The Hashemite Kingdom of Jordan Higher Population Council General Secretariat Contraceptive Security Strategy
Publication date: 2005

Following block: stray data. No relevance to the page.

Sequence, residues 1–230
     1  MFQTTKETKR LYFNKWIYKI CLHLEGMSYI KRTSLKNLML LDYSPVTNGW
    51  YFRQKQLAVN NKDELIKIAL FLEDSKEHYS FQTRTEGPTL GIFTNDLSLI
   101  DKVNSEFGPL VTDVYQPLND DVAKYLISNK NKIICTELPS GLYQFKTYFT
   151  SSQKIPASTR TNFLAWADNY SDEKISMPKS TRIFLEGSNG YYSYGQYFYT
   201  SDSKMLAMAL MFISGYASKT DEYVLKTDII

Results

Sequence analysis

The Hashemite Kingdom of Jordan Higher Population Council General Secretariat Contraceptive Security Strategy DRAFT Amman, Jordan November 2005 ii List of Abbreviations and Acronyms DOP Department of the Budget HCY Higher Council for Youth HHC Higher Health Council HPC Higher Population Council FP Family Planning JAFPP Jordanian Association for Family Planning and Protection JCSS Jordan Contraceptive Security Strategy MOE Ministry of Education MOF Ministry of Finance MOH Ministry of Health MOHE Ministry of Higher Education MOP Ministry of Planning MSD Ministry of Social Development NGOs Non-Governmental Organization(s) NPC National Population Council NPS National Population Strategy PSHA Private Sector Health Association RHAP Reproductive Health Action Plan RH Reproductive Health RMS Royal Medical Services TFR Total Fertility Rate UNRWA United Nations Relief and Works Agency The Hashemite Kingdom of Jordan Contraceptive Security Strategy 1. Introduction The Reproductive Health Action Plan (RHAP) for 2003 – 2008 of the Hashemite Kingdom of Jordan defines the nation’s initial strategy for responding to our population’s need for increased quality of reproductive health and family planning services. Most activities under the Reproductive Health Action Plan are conceived as short-term, high impact interventions whose implementation will form the base for a longer-term (2008 – 2020) Strategic Plan for Reproductive Health in Jordan. The RHAP will therefore serve as an important testing ground for deriving best practices, coordinating strategies and high impact responses and as a bridge to the definition of a longer-term vision for the future. As a series of activities and sub activities defined in response to defined objectives, Jordan’s Contraceptive Security Strategy (JCSS) for 2005 – 2008 represents a key element of the RHAP’s first phase of implementation. Less than twenty years ago, Jordan’s annual rate of natural increase ranked among the world’s highest. Today, the rate of natural increase has declined to an estimated annual rate of 2.3 percent. If this rate remains constant, Jordan’s current population of 5.8 million will reach 8 million in 2020, the year on which the Reproductive Health Action Plan’s long-term vision is focused. As an element of the RHAP, the JCSS was developed in response to recognition by His Majesty King Abdullah II Ibn Al Hussein that the nation faced a critical need for a proactive approach for reducing the annual growth of its population. As such activities within both the RHAP and the JCSS were defined to support the emphasis of Jordan’s 2001 revised National Population Strategy (NPS) and its focus on ensuring the continued growth of the nation’s reproductive health program with a foundation based on gender equality and sustainable development. In common with the RHAP, the JCSS should be viewed as an expression of the Government of Jordan’s interest in and commitment to a dynamic and proactive response to the nation’s unmet demand for family planning services. The government will encourage all partners in this effort to view the JCSS as a framework for national and nation-wide coordination of a unified effort to rationalize Jordan’s population growth so that it is consistent with sustainable economic development. Toward that end, as specified in the National Population Strategy, it is anticipated that, by the Year 2020, Jordan will reduce its total fertility rate (TFR) to 2.1 children per married woman of reproductive age. Contraceptive Security is “…achieved when a program is able to forecast, finance, procure, and consistently deliver a sufficient supply and choice of well-made, dependable contraceptives to every person that needs them.”1 Accordingly, in the Jordanian context, the Goal of Jordan’s Contraceptive Security Strategy (JCSS) is to support the Hashemite Kingdom of Jordan’s National Population Strategy (NPS) for 2000-20020 through ensuring that, by 2020, all married men and women of reproductive age will have access to high quality contraceptives in response to their expressed needs. The JCSS is a product resulting from the technical guidance and direction provided by a multisectoral Steering Committee2 whose work was facilitated and closely coordinated by the Higher Population Council (HPC). Development of the JCSS began in April 2004 with an initial draft defined by the Steering Committee in November 2004. Thereafter, the JCSS/HPC Steering Committee provided technical facilitation to a series of retreats, workshops, surveys and discussions whose focus was upon ensuring that the strategy represented a unified consensus of key stakeholders with reference to a realistic approach to the attainment of the goal of contraceptive security in Jordan. As a partner in the HPC’s effort to define a contraceptive security strategy with a truly Jordanian context, the United States Agency for International Development, through its resident POLICY Project, has provided targeted technical assistance throughout all steps associated with the development of the JCSS. 1 Finkle, Clea, Ensuring Contraceptive Supply Security, Outlook, July 2003. 2 Current membership JCSS Steering Committee is drawn from the following agencies and organizations: the Ministry of Health, the Ministry of Finance, the Higher Population Council, the Ministry of Planning, , the Jordanian Association for Family Planning and Protection, The Ministry of Religious Affairs, the Royal Medical Services, the Ministry of Education, the Department of the Budget, and the Higher Council for Youth. 2 2. Situation Analysis of Contraceptive Security in Jordan 2.1 Current Status of Reproductive Health and Family Planning The Hashemite Kingdom of Jordan’s record on many reproductive health issues3 is indeed impressive when judged against other nations in the region: Infant mortality rate is currently estimated at 22.1 per 1,000 births4, more than 94 percent of Jordan’s children are fully immunized and 97 percent of Jordan’s citizens have access to health services. At the same time, Jordan’s reproductive health program emerges to be less positive when the nation’s maternal mortality rate, estimated at over 40 per 100,000 live births, is coupled with the fact that maternal morbidity is listed by Jordan’s Ministry of Health as the second cause for female admissions to hospitals.5 In addition, Jordan’s total fertility rate (TFR) of 3.7 children per woman of reproductive age, calculated as a sum of the age-specific fertility rates in a given year, remains higher than Egypt, Morocco or Tunisia. Moreover, unless decisive action is taken, the TFR will remain the same largely due to the fact the use of modern contraceptives appears to have leveled off at less than 42 percent. 2.3 Current Status of Contraceptive Security in Jordan As estimated by the Population Reference Bureau, less than 43 percent of all married women currently use modern contraceptive methods and 14 percent of all married women’s need for contraceptives is unmet.6 Of those clients using modern contraceptive methods, the 2002 Jordan Population and Family Health Survey estimated that 34 percent receive their contraceptives from the public sector, 28 percent from NGOs, and 38 from the commercial center.7 In terms of actual use of modern contraceptive methods, this same survey concluded that IUD utilization, at 57 percent of all modern method users, is followed by that of oral contraceptives (18 percent), condoms (8 percent), and injectables (2 percent). Utilization of modern methods for the remaining 14 percentage of clients is scattered among a variety of other methods including vaginal creams, tubectomies. Since 1997, the United States Agency for International Development, as the sole provider for the procurement of all contraceptives for Ministry of Health and Royal Medical Service facilities and, through the Ministry of Health, for a number of Non-Governmental Organizations (NGOs), has worked in close collaboration with the Ministry of Health’s Logistics Unit in responding to forecasted needs defined by the Logistic Unit’s Jordan Contraceptive Logistics System (JCLS). Management assessments of Jordan’s public sector logistics system have consistently confirmed the high quality of Jordan’s public sector logistics system in terms of its ability to accurately forecast needs as well as its ability to reliably prevent contraceptive supply shortages throughout its public sector service delivery points. In June 2005, as noted in the foreword to this document, the Government of Jordan, recognizing the importance of contraceptive security to the fulfillment of the National Population Strategy, undertook the challenge to assume total responsibility for contraceptive procurement as of 2008. Accordingly, as indicated in Table 1, starting with the procurement of injectable contraceptives in 2005 for delivery starting in 2006, the Government of Jordan will work with USAID on a phased approach to Jordan’s assumption of procurement responsibilities for all public sector contraceptives by the end of 2008. 3 Information on health care indicators included in this report is drawn from the Report of the Jordan Population and Family Health Survey, 2002, Government of Jordan Department of Statistics, Amman, Jordan, June 2002. 4 For the purposes of this document, infant mortality is defined as the mortality rate for children between the ages of 0-4 years. 5 37 percent of “ever married” women of reproductive age (15-49 years of age) have had a miscarriage, abortion, or experienced a still birth. 6 World Population Data Sheet, Population Reference Bureau, August 2005 7 Jordan Population and Family Health Survey, 2002. 3 Table 1: CONTRACEPTIVE PROCUREMENTS SCHEDULED FOR 2005 - 2008 GOVERNMENT OF JORDAN/USAID PROCUREMENT PHASEOVER PERIOD. Procurement Quantities Per Method Per Procurer PRODUCT: INJECTABLES CONDOMS IUDS ORAL CONTRACEPTIVES YEAR Jordan MOH USAID Jordan MOH USAID Jordan MOH USAID Jordan MOH USAID 2004 17,400 2,100,000 57,204 547,980 2005 31,000 10,000 4,806,000 73,000 449,500 2006 0 2,304,000 2,304,000 38,000 712,800 2007 22,000 4,704,000 46,000 42,000 760,200 2008 25,300 4,800,000 82,000 447,024 404,400 2.3 Impact of Contraceptive Security on Jordan Development In the Government of Jordan’s publication documenting the nation’s Reproductive Health Action Plan (RHAP)8, many of the anticipated benefits of an effective implementation of the RHAP apply equally to that of the RHAP’s Contraceptive Security Strategy. Accordingly, as with the RHAP, we can expect that successful and progressive implementation of the contraceptive security strategy will: • Support and extend Jordan’s progressive increase in life expectancy; • Decrease Jordan’s national and state health care costs associated with professional care, access to hospital beds, and drugs and medical supplies; • Reduce unsettling medical, emotional, and social costs associated with undesired pregnancies, infant mortality and maternal morbidity and mortality; • Support Jordan’s economic growth, with a special emphasis on the reduction of growing population pressure in the use of the nation’s limited national resources in terms of water and arable land; • Promote wider collaboration and understanding on national goals and aspirations among public and private sector entities; • Reduce the impact of population growth on the production of food and cash crops; • Ease the pressures on the educational system associated with population growth; • Increase the amount of individual and family discretionary funding for such items as education, health and improved living standards through a decrease in the dependency ratio; and • Increase the ability of reproductive age women to take advantage of educational and employment opportunities. 2.4 Contraceptive Security in Jordan: Programmatic Issues As stated in the RHAP, the Goal of the National Population Strategy (NPS) is to contribute to a sustainable base for economic development through a gradual decline in population growth and a progressive decrease in the total fertility rate for 3.7 children per woman of reproductive age in 2002 to 2.1 children in 2020. In stating his government’s commitment to the long-term procurement of modern contraceptives, H.E. has clearly recognized the role that the Government will continue to play in ensuring the availability of contraceptives supplies to the client’s utilizing public sector and NGO services. Accordingly, while attention to procurement and logistics issues constitutes a cornerstone of the contraceptive security strategy, program managers responsible for implementing and coordinating the strategy will also be addressing a variety of allied issues. Each of these issues has been identified by the strategy’s steering committee as being of critical importance to ensuring that the availability of contraceptives results in increased utilization and, thereby, a progressive decrease in the nation’s total fertility rate. Among those issues that will be addressed under the strategy are the following: 8 The Hashemite Kingdom of Jordan, Higher Population Council General Secretariat, National Population Strategy: Reproductive Health Action Plan (RHAP), Amman, Jordan, April 2003 4 • Continuing need for reliable data on contraceptive utilization; • Informed collaboration of health care providers in promoting and ensuring contraceptive security and access to methods of choice for all clients; • Lack of current and updated knowledge and information related to the role of the private sector in providing contraceptive services; • Need to ensure sustained government funding for the procurement of contraceptives; • The importance of ensuring that the private sector continues to play a role in ensuring that financial viability of Jordan contraceptive security strategy ; • The need to enhance the role of health insurance providers in promoting and support the nation’s contraceptive security strategy; • The need to ensure sustained nationwide support among providers and clients for Jordan’s contraceptive security strategy; • The need to respond to existing institutional, operational, and social barriers among service providers, program managers and key decision makers with reference to contraceptive security for all Jordanian citizens; • The need to ensure informed support for contraceptive security among Jordanian parliamentarians as a key element of Jordan’s national population strategy; • The need to promote and sustain the National Agenda Committee’s informed support for Jordan’s National Population Strategy and for contraceptive security as a key element of the nation’s response to existing economic, demographic, and environmental challenges; • The need to promote and sustain the Government of Jordan’s informed support for client access to all modern methods as key principle of contraceptive security; • The need to promote and sustain increased informed support for contraceptive security among the Ministry of Awqaf and Religious Affairs and among key religious leaders; • The need to maintain and support continued quality of Jordan’s contraceptive logistics system; • The need to address ways in ensure the quality of Jordan’s contraceptive supplies; and • The need to promote and sustain increased quality of providers’ contraceptive counseling. 5 3. Jordan’s Contraceptive Security: 2006 – 2020 3.1 Jordan’s Contraceptive Security Strategy: 2006 – 2020: Goal As a key element of the nation’s Reproductive Health Action Plan (RHAP) for 2004 – 2008 and of subsequent revisions of the RHAP, Jordan’s Contraceptive Security Strategy focuses on the following long-term (2006 – 2020) Goal: To support the Kingdom of Jordan’s National Population Strategy (NPS) for 2000 – 2020 through ensuring that, by 2020, all married men and women of reproductive age will have access to high quality contraceptive methods in response to their expressed needs. As such, the Contraceptive Security Strategy is closely linked to the RHAP’s goal to establish technical and operational support for the National Population Strategy (NPS) Goal for the Year 2020: To contribute to a sustainable base for economic development through a decrease in the nation’s total fertility rate to 2.1 children per married woman of reproductive age. 3.2 Jordan’s Contraceptive Security Strategy: 2006 – 2008: Components, Objectives, Activities, Key Actors, and Estimated Budget. Based on a review of issues affecting the nation’s ability to respond to its established 2020 goal for contraceptive security, HPC-coordinated steering committee identified objectives, activities and key actors with direct linkage to five of the RHAP’s technical components. At the same time, the steering committee agreed upon an estimated budget for each of the component’s first year of operations. Based on developments during the strategy’s first year (2006) of implementation, the HPC steering committee will work with government and private sector stakeholders to define a budget for the strategy’s 2007 and 2008 interventions. During 2008, the HPC will coordinate a multisectoral review and revision of all six components of the RHAP to include those five components into which the Contraceptive Security Strategy is integrated. In January 2009, it is anticipated that the HPC will implement a revised RHAP for the Years 2009 – 2013. Appendix A of this document provides an overview of the JCSS while Appendix B provides a detailed presentation of each component of the Contraceptive Security Strategy for 2006-2008. The following paragraphs represent a summary of Appendix B. Component 1: Information Systems Development Strategic Objective: To provide for the availability of critical, accurate, and reliable information related to contraceptive technology and Jordan-specific contraceptive utilization in order to enable decision makers, program managers, health care providers and clients to make informed decisions focused in the attainment of contraceptive security within Jordan. Issues: As a priority component for Jordan’s Contraceptive Security Strategy, the Information systems Development Component will address the following issues: the need for reliable data on contraceptive utilization; the importance of ensuring that health system personnel have current technical information to enable them to effectively contribute to the goal of contraceptive security; and the need to establish an information system that will provide accurate data related to both the public and private sector’s contribution to contraceptive security. Activities: As presented in Appendix A, the Information Systems Development Component of the Contraceptive Security Strategy has one primary objective focused on ensuring access to and the appropriate use of information critical to effective implementation of the RHAP’s Contraceptive Security Strategy. The primary focus of the component’s five activities and thirteen sub activities is upon establishing an information base that will allow program managers and service providers from both the public and private sectors to take informed action in support of providing health service clients interests in a sustained and secure access to modern contraceptives. Key Actors: Coordinating responsibility for the Contraceptive Security Strategy’s Information Systems Development Component centers on the Higher Population Council (HPC). The Ministry of Health, joined by representatives of the private sector, is the key agency responsible for the activities’ implementation. Estimated Budget for Year 1 of Component 1: JD 20,686 6 Component 2: Financial Sustainability Strategic Objective: To ensure that current, accurate, and reliable financial data related to contraceptive security in Jordan is available and effectively utilized in order to provide for informed decision-making focused on the long-term financial sustainability of Jordan's contraceptive security program. Issues: As a priority component for Jordan’s Contraceptive Security Strategy, the Financial Sustainability Component will address: the need for sustained funding in support of all elements of the nation’s contraceptive security strategy; the importance of clarifying the financial role of the private sector in support of national contraceptive security; and mechanisms for increasing the role of private health insurance schemes in support of contraceptive security. Activities: In addressing the above issues, the RHAP’s Contraceptive Security Strategy primary objective is to ensure the availability of long-term financial support from both the public and private sectors for Jordan’s contraceptive security strategy. As presented in Appendix A, the Financial Sustainability Component’s three activities and eight sub activities center on ensuring long-term financial sustainability for the contraceptive security strategy through a collaborative approach of the public and private sectors in supporting the anticipated growth of demand for contraceptive. As envisioned by the strategy, it is expected that the nation’s health insurance schemes will play an important role in assisting clients in their need for contraceptive security. Key Actors: Coordinating responsibility for the Contraceptive Security Strategy’s Financial Sustainability Component centers on the Higher Population Council (HPC). The Ministry of Health, the Ministry of Finance, the Department of the Budget, the Ministry of Planning, and representatives of the health insurance industry will join the HPC as partners in implementing this component’s activities. Estimated Budget for Year 1 of Component 2: JD 12,169 Component 3: Advocacy/ Behavioral Change Strategic Objective: To increase awareness, sensitization, and knowledge on contraceptive security issues among decision makers, program managers and health providers and clients in order to promote increased support for ensuring that all clients have sustained access to quality contraceptives in response to their expressed needs. Issues: The RHAP’s Contraceptive Security Strategy, Component 3: Advocacy and Behavioral Change will address: The need to ensure sustained nationwide support for Jordan’s contraceptive security strategy; the need to address operational, institutional and social barriers as they impact on contraceptive security; and the need for on-going financial, legislative, and regulatory support for a sustained contraceptive security strategy. Activities: In addressing the above issues, the Contraceptive Security Strategy’s initial two years focuses attention on the need to advocate for support for the relatively new concept of contraceptive security. Accordingly, as presented in Appendix A, the Advocacy and Behavioral Change Component contains two objectives, one focused on working with health providers and clients and a second focused on parliamentarians and government leaders. As defined, the component’s two activities and twelve sub activities center on identifying target groups for advocacy initiatives and on defining and implementing activities appropriate to each of the identified target groups. The strategy’s design team anticipates that, by the Year 2008, action on this key component will result in increased knowledge and commitment to the Contraceptive Security Strategy by policy makers, program managers, health providers and by present and future clients of Jordan’s family planning programs. Key Actors: Coordinating responsibility for the strategy’s Advocacy and Behavioral Change Component centers on the Higher Population Council (HPC). The Ministry of Health, the Ministry of Education, the Jordan Association for Family Planning and Protection (JAFPP), the Royal Medical Services, the United Nations Relief and Works Agency, and representatives of Medical Syndicates will assist the HPC in implementing one or more of the component’s two activities. Estimated Budget for Year 1 of Component 3: JD 4,750 7 Component 4: Policy Development Strategic Objective: To reduce legal, human resource, financial, cultural, informational and operational barriers in order to increase client access to modern contraceptive methods in response to their expressed needs. Issues: The RHAP’s Contraceptive Security Strategy for Component 4: Policy Development will address: the need to promote the National Agenda Committee’s consideration and understanding of the Contraceptive Security Strategy as a mechanism for effectively reducing the nation’s total fertility rate; the need to promote parliamentary action related to contraceptive security; the lack of wide-spread government support for client access to all modern contraceptive methods; and the need for increased policy-level work with religious leaders focused on ensuring their support for contraceptive security. Activities: In addressing the above issues, the Contraceptive Security Strategy focuses, like the RHAP, on the progressive reduction of policy barriers that negatively affect the nation’s ability to succeed in meeting the National Population Strategy’s goal for 2020. As presented in Appendix A, the Policy Development Component for Contraceptive Security contains two objectives whose four activities are further broken down into twelve sub-activities. As defined, the component’s activities center on Jordan’s new National Agenda Committee’s recognition of the importance of contraceptive security to the nation’s development goals, on promoting Parliament’s formal recognition of contraceptive security as a national-level policy, on clarifying government policy so as to increase client access to all modern contraceptive methods, and on working on a program designed to promote an expanded role for religious leaders in supporting contraceptive security as a national priority. The strategy’s design team anticipates that, by the Year 2008, action on this component will result in a significant increase in the level of informed political support for the Contraceptive Security Strategy, in increased client access to modern contraceptive methods, and in an increase in contraceptive utilization linked to a reduction in current unmet need related to access and utilization of modern contraceptives. Key Actors: Coordinating responsibility for the Contraceptive Security Strategy’s Policy Development Component centers on the Higher Population Council (HPC). In its implementation, the HPC will be joined principally by the Ministry of Health, the Jordan Association for Family Planning and Protection (JAFPP), and by the Ministry of Awqaf and Religious Affairs. Estimated Budget for Year 1 of Component 4: JD 39,592 Component 5: Coordination Strategic Objective: To optimize the utilization and effective coordination of public and private sector resources in order to promote sustained contraceptive security for all health service clients. Issues: The RHAP’s Contraceptive Security Strategy, Component 5: Coordination will primarily address the need to define and monitor the application of public, private, and NGO sector roles and responsibilities in support of Jordan’s contraceptive security strategy. Activities: In addressing the above issue, Jordan’s Contraceptive Security Strategy focuses on the single objective of defining and implementing a mechanism to maintain public, private and NGO sector linkages essential to the support of Jordan’s long-term contraceptive security goal. As presented in Appendix A, the component’s single activity and four sub-activities are scheduled to be activated in 2007 following the initial implementation of the other five components’ activities in 2006. Key Actors: Coordinating responsibility for the Contraceptive Security Strategy’s Coordination Component centers on the Higher Population Council (HPC). It is anticipated that a broad-based coalition of public, private, and NGO sector stakeholders will work with the HPC in addressing this component’s activities starting in early 2007. Estimated Budget for Year 1 of Component 5: No budget is proposed for this activity in 2006. 8 Component 6: Service Access Strategic Objective: To provide for the availability of high quality modern contraceptive methods, care, and counseling in order to ensure that all clients have reliable and sustained access to contraceptives in response to their expressed needs. Issues: In the RHAP’s Contraceptive Security Strategy for 2006 – 2008, Component 6: Service Access will address: the need to strengthen, standardize, and maintain the contraceptive security logistics process including procurement, warehousing, distribution, and supply chain management; the need to ensure quality control related to modern contraceptives available to the Jordanian public; and the need to improve and maintain the quality of provider counseling on modern contraceptive methods. Activities: In addressing the above issues, the RHAP’s Contraceptive Security Strategy focuses both on the mechanics associated with contraceptive procurement and logistics and on the delivery of contraceptive services. As presented in Appendix A, the Service Access Component is comprised of one whose seven activities are further broken down into thirty-three sub-activities. As defined, the component’s activities center on addressing management needs associated with Jordan’s assumption of responsibility for contraceptive procurement and for contraceptive quality assurance. In addition, the service access component address the need to ensure that Jordan’s highly developed logistics system maintains its current high-quality standards and that health workers responsible for maintaining the logistics system are adequately trained and provided with periodic in-service logistics training opportunities. Finally, in the interest of increasing demand and on reducing contraceptive discontinuation rates, four of the service access component’s sub activities respond to the need to improve the quality of contraceptive counseling method currently available to health service clients. Key Actors: Coordinating responsibility for the RHAP’s Service Access Component centers largely on both the Higher Population Council and on the Ministry of Health. In the implementation of activities included under this component, the HPC and the MOH will share responsibility with the Jordan Food and Drug Agency (JFDA), the Jordan Association for Family Planning and Protection (JAFPP), the Royal Medical Services, the United Nations Relief and Works Agency, the Ministry of Higher Education, Jordan University, and representatives of Medical Syndicates and medical institutions. Estimated Budget for Year 1 of Component 6: The 2006 budget, largely for in-service logistics and contraceptive counseling training, is estimated at JD 83,195. Moreover, the budget for this component should be considered as a supplementary budget that does not include recurrent costs for system maintenance items associated with staffing and with contraceptive logistics. Finally, in estimating the cost for 2006, an additional amount of JD 63,000 will need to be budgeted for the procurement of condoms. A Appendix A. The Jordan Contraceptive Security Strategy (JCSS): Overview by Component, Component Strategic Objective, Major Issues Addressed, Estimated Budget for Year 1 Activities, Verifiable Indicators, and Principal Assumptions and Risks. Preface to Appendix A Table 1: Reproductive Health Action Plan (RHAP): Jordan Contraceptive Security Strategy: Phase 1 (JCSS): 2006 – 2008: Overview summarizes the more detailed Contraceptive Security Strategy provided in Appendix B. As such, the overview consolidates the JCSS’s information in a two page summary centered on providing the reader with a general understanding of the JCSS’s intended direction during its initial three year start-up phase. Developed from the perspective of the JCSS’s six components, the overview focuses on the following technical details: Each of the JCSS’s six components was designed to respond to specific strategic objectives which were, in turn, defined and developed with reference to existing program issues; Budgets for each component provide costs estimates for activities scheduled for completion within the JCSS’s first year of operations;; For each component, the JCSS summary lists verifiable indicators for use in measuring the program managers’ periodic progress toward expected JCSS results; and Finally -and again for each component - the JCSS lists assumptions and risks associated with the achievement of progress toward each specific strategic objective. Assumptions are those events or expectations that are essential to a component’s success but which are beyond the control of the strategy’s managers or service providers. Risks are those considerations which managers and service providers should take into consideration when working toward completing activities associated with each component. B Appendix B. Jordan’s Contraceptive Security Strategy (JCSS): Component Strategies by Objectives, Activities, Timing, Location, Estimated Funding Needs, Output Indicators, and Assumptions Preface to Appendix B As discussed in the body of this document, Jordan’s Contraceptive Security Strategy (JCSS), as part of the National Population Strategy (NPS) 2000 - 2020 : Reproductive Health Action Plan (RHAP) documents a multi-sectoral, participatory approach focused on ensuring that contraceptive security becomes a reality for all clients with the NPS’ twenty-year timeframe. With reference to the attached detailed strategy (Appendix B: Table 2), the following can be noted: Each of the JCSS’s six components was designed to respond to specific objectives that were, in turn, defined and developed with reference to existing strategic issues.; As indicated in the Table 2, the strategy’s design team and other key stakeholders have designated a responsible authority to coordinate each activity. At the same time, the strategy identifies those ministries and other entities whose role will focus on implementing a sub- activity. While this designation of responsibility is a result of negotiations with representatives of the Government of Jordan’s ministries, it is understood that the large majority of the activities will call for mutisectoral contributions from both private and public sectors. Toward that end, the Higher Population Council will serve as a facilitator in providing administrative support focused on ensuring a coordinated approach to the action plan’s integrated implementation; While responsibility for managing and overseeing the JCSS’s implementation rests, by necessity, with central level authorities, responsibility for actually implementing many of the JCSS’s activities will eventually devolve on state or local authorities. In such instances, the RHAP/JCSS/HPC Steering Committee will work within the JCSS’s first year in integrating the role of Governorate officials into the JCSS; Budgets for the JCSS’s first year of operations are provided in Table 2. Coordinating and implementing agencies will develop budgets for subsequent years as information becomes available and as progress on activities is achieved; For the purpose of monitoring progress over the JCSS’s first three years (2006 – 2008) of implementation, the JCSS further suggests indicators of outcome and output for each activity: An Output is a measurement of largely short-term quantifiable results associated with the completion of each activity while an outcome is a measurement of the more important effect of an activity’s long-term impact upon an identified issue; and Finally, where appropriate, the JCSS lists observations and assumptions that are intended to provide guidance to those individuals responsible for implementing the strategy’s activities and sub activities. C Appendix C. The Reproductive Health Action Plan: Contraceptive Security Strategy for 2006 –2008 Preface to Appendix C As an integral part of the development of the Hashemite Kingdom of Jordan’s Reproductive Health Action Plan, the following analysis of illustrative quantitative indicators, developed by the RHAP Task Force, is intended to serve as a technical pathway to guide program managers as they monitor the RHAP’s progress toward established outputs and outcomes. While the summary of quantitative indicators is based on internationally accepted standards, it is important to note that the summary is based on data that is currently available or on data for which future information is expected to be available. Consequently, as the RHAP progresses in its implementation, program managers will need to adjust expectations on the indicators and the indicators themselves. Summary of RHAP Quantitative Indicators for 2003 - 2007 Narrative Illustration Monitoring and evaluation are usually integrated elements of any strategy. They are the tools for assessing the impact of the strategy and its progress towards achieving its goals. Qualitative and quantitative indicators are common instruments for monitoring and evaluation. Accordingly, it is imperative to carefully select these indicators as they will serve as the primary means to assess the program’s progress both during and at the completion of strategy’s implementation. In determining and selecting relevant indicators, program managers are guided by the consensus on key indicators among experts in the field and by the availability of current information focused on the time period within which the initiatives are expected to be completed. The RHAP includes qualitative and quantitative indicators that are linked to each of the 130 activities adopted in the plan. These indicators were defined to measure the outcomes and outputs of the RHAP activities that will be implemented according to a timely schedule. Moreover, the National Population Strategy (NPS) specifies quantitative indicators for the base year and for selected future target years within the RHAP’s own timeframe of 2003 – 2007. Therefore, the purpose of this brief annex is to show the technical linkages between the achievement of the NPS’ quantitative objectives and indicators and the implementation of the activities included in the first phase (2003 – 2007) of the RHAP. It is worth mentioning that the strategic goal of the NPS is to reduce the population growth rate to become compatible with Jordan’s resources and supportive to the achievement of its sustainable development that will meet the need of current generations without sacrificing the rights of future generations. Since fertility is the most important factor in determining Jordan future population growth, the RHAP quantitative indicators will focus on this component. As for the mortality component, it accepts one universal policy, i.e., the reduction in mortality level. On this measurement, it is important to note that, as mortality rates may increase due to the change in the age structure of the population brought about by a decline in fertility decline, a slightly accelerated decline in the rate of natural increase and consequently in the population’s growth rate will most likely also result. In the next section, we present the RHAP quantitative indicators and targets for the years 2003-2007. We are limiting ourselves to the indicators that are universally accepted and for which future information will be available. The base year (2002) was selected because it coincides with the Jordan 2002 DHS, which is the main and most recent source of information. It is expected that another DHS will take place in 2007, the final year of the RHAP’s first phase. This will provide the necessary information for evaluating the overall impact of the NPS on Jordan population trends. Some of the indicators listed below are linked to end and strategic goals, while others are linked to intermediate objectives whose achievement will help realize the strategic goals. For example, raising the contraceptive prevalence rate is an intermediate objective and not an objective by itself. It is a means for achieving a strategic objective by reaching a lower fertility rate in the future and consequently a lower rate of natural increase. The reason we are presenting the RHAP quantitative indicators in an annex is that, in contrast to qualitative indicators, it is not easy to link quantitative indicators to a specific activity or component in the RHAP. That is, the D anticipated changes in these indicators over the RHAP years are in fact the overall result of the totality of all activities included in the RHAP and not necessary the result of an activity or set of activities within a specific component. Accordingly, the following listing of linkages are intended to convey the concept that action within a specific component may influence but will not be wholly responsible for changes in specific rates or ratios: • Component 1: Information Systems Development: Increased Contraceptive Prevalence Rate; Reduced Maternal Mortality Ratio • Component 2: Financial Sustainability: Increased Contraceptive Prevalence Rate; Reduced Infant Mortality Rate and Maternal Mortality Ratio • Component 3: Advocacy/ Behavioral Change: Reduced Total Fertility Rate, Rate of Population Natural Increase, and Shortly Spaced Births • Component 4: Policy Development: Reduced Total Fertility Rate, Rate of Population Natural Increase, Maternal Mortality Ratio, and Unmet Need for Family Planning • Component 5: Coordination: Reduced Total Fertility Rate, Rate of Population Natural Increase, and Infant Mortality Rate • Component 6: Service Access: Increased Contraceptive Prevalence Rate; Reduced Total Fertility Rate, Infant Mortality Rate and Maternal Mortality Ratio; Increased Life Expectancy at Birth. Similarly, as indicated in Table D1, we can expect that, based on current progress on reproductive health issues with the Hashemite Kingdom of Jordan, we can expect that implementation of the RHAP will contribute to the achievement of quantitative targets incorporated into the nation’s National Population Strategy. Table of Major Quantitative RHAP Indicators for 2003-2007 Objective-Based Indicator Base Year 2002 2003 2004 2005 2006 Target Year 2007 Strategic Total Fertility Rate (births per woman) 3.7 3.6 3.5 3.4 3.3 3.2 Rate of Population Natural Increase (%) 2.44 2.38 2.32 2.27 2.21 2.15 Life Expectancy at Birth (years) 69.9 70.2 70.6 70.9 71.2 71.6 Infant Mortality Rate (per 1,000 births) 27.0 26.5 25.9 25.4 24.8 24.3 Maternal Mortality Ratio (per 100,000 births) 41.0 40.2 39.3 38.5 37.6 36.8 Intermediate Contraceptive Prevalence Rate (%) 55.8 57.0 58.2 59.3 60.5 61.7 Unmet Need for Family Planning (%) 13.9 13.1 12.3 11.5 10.7 9.9 Unplanned Births (%) 33.1 32.3 31.5 30.8 30.0 29.2 Shortly Spaced Births (%) 62.6 60.5 58.4 56.4 54.3 52.2 Notes: Except for maternal mortality ratio figure, which was taken from the latest MoH Annual Statistical Report, all base year figures were taken from the Jordan 2002 DHS. Total Fertility Rate for the years 2003-2007 are taken from Jordan FamPlan Model for 2002-2020 (file jscs.pjn) where fertility rates are set according to the NPS fertility goals. Rate of Natural Increase for the base year (2.44) = Crude Birth Rate (29 as in 2002 DHS) – Crude Death Rate (4.6 taken from Jordan DemProj Model for 2002-2020. The rate for the years 2003-2007 was interpolated according to Jordan DemProj Model results for 2002-2020 Life Expectancy at Birth for 2003-2007 is taken from Jordan DemProj Model for 2002-2020 Infant Mortality Rate for the years 2003-2007 is projected according to the relevant NPS goal. Maternal Mortality Ratio for the years 2003-2007 is projected according to the relevant NPS goal. Contraceptive Prevalence Rate (CPR) for the years 2003-2007 is projected by Jordan FamPlan Model for 2002- 2020. The Model projects CPR needed to achieve the NPS fertility goals for the corresponding years taking into account other proximate determinants of fertility. Unmet Need for Family Planning, Unplanned Births, and Shortly Spaced Births for the years 2003-2007 are projected based on the inter-DHS 1997-2002 trends. List of Abbreviations and Acronyms 1. Introduction 2. Situation Analysis of Contraceptive Security in Jordan 3. Jordan’s Contraceptive Security: 2006 – 2020 Component 1: Information Systems Development Estimated Budget for Year 1 of Component 1: JD 20,686 Appendix A. The Jordan Contraceptive Security Strategy (JCSS): Overview by Component, Component Strategic Objective, Major Issues Addressed, Estimated Budget for Year 1 Activities, Verifiable Indicators, and Principal Assumptions and Risks. Appendix B. Jordan’s Contraceptive Security Strategy (JCSS): Component Strategies by Objectives, Activities, Timing, Location, Estimated Funding Needs, Output Indicators, and Assumptions Appendix C. The Reproductive Health Action Plan: Contraceptive Security Strategy for 2006 –2008